“This study, yet again, highlights the need for Congress to revisit the way dietary supplements are regulated in the U.S.,” said co- author David Eisenberg, MD, the Bernard Osher Associate Professor of Medicine and Director of the Harvard Medical School Division of Research and Education in Complementary and Integrative Medical Therapies. “Over-the-counter herbs and supplements with high levels of heavy metals are simply dangerous,” he said.

The researchers found that 14 of the 70 HMPs they tested contained lead, mercury, and/or arsenic. Each of the 14 could result in heavy metal intakes above regulatory standards. Several of the HMPs could result in lead and arsenic intakes of 1,000 to 10,000 times greater than the regulatory standards. Fifty percent of the HMPs containing potentially toxic heavy metals were recommended by the manufacturers for use in infants and children. Eleven manufacturers produced at least one HMP containing heavy metals. Eighty percent of the stores sold one or more HMPs containing significant amounts of heavy metals.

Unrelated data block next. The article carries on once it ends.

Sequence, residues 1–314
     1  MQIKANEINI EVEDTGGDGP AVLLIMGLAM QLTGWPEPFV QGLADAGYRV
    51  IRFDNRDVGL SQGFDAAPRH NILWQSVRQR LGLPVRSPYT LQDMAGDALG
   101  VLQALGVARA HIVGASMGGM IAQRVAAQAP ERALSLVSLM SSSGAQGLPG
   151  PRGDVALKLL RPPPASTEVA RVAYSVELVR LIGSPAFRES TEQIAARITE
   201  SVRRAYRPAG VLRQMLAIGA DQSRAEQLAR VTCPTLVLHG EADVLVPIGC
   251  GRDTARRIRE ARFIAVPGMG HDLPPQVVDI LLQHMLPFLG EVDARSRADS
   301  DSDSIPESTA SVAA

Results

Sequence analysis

Marketed as dietary supplements, Ayurvedic HMPs are not required to provide proof of safety or efficacy prior to marketing, but the researchers believe that testing for toxic heavy metals should be mandatory for all imported dietary supplements, including Ayurvedic HMPs.